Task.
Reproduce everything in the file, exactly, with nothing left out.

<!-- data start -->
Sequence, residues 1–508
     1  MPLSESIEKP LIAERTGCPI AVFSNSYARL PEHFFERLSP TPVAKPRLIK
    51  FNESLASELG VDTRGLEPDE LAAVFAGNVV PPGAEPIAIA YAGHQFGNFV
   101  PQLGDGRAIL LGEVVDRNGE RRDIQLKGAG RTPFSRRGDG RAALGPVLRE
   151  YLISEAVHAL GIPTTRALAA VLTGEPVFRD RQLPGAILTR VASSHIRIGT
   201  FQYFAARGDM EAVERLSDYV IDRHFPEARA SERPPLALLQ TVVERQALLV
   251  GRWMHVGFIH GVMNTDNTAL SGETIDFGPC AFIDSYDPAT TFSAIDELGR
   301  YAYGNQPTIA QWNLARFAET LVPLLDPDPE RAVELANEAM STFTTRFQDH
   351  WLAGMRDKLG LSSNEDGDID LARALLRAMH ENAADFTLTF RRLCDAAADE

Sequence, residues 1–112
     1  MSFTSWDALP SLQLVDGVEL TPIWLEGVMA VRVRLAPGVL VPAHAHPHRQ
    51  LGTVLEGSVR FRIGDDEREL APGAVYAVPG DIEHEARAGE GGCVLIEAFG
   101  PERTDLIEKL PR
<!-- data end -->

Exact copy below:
Sequence, residues 1–508
     1  MPLSESIEKP LIAERTGCPI AVFSNSYARL PEHFFERLSP TPVAKPRLIK
    51  FNESLASELG VDTRGLEPDE LAAVFAGNVV PPGAEPIAIA YAGHQFGNFV
   101  PQLGDGRAIL LGEVVDRNGE RRDIQLKGAG RTPFSRRGDG RAALGPVLRE
   151  YLISEAVHAL GIPTTRALAA VLTGEPVFRD RQLPGAILTR VASSHIRIGT
   201  FQYFAARGDM EAVERLSDYV IDRHFPEARA SERPPLALLQ TVVERQALLV
   251  GRWMHVGFIH GVMNTDNTAL SGETIDFGPC AFIDSYDPAT TFSAIDELGR
   301  YAYGNQPTIA QWNLARFAET LVPLLDPDPE RAVELANEAM STFTTRFQDH
   351  WLAGMRDKLG LSSNEDGDID LARALLRAMH ENAADFTLTF RRLCDAAADE

Sequence, residues 1–112
     1  MSFTSWDALP SLQLVDGVEL TPIWLEGVMA VRVRLAPGVL VPAHAHPHRQ
    51  LGTVLEGSVR FRIGDDEREL APGAVYAVPG DIEHEARAGE GGCVLIEAFG
   101  PERTDLIEKL PR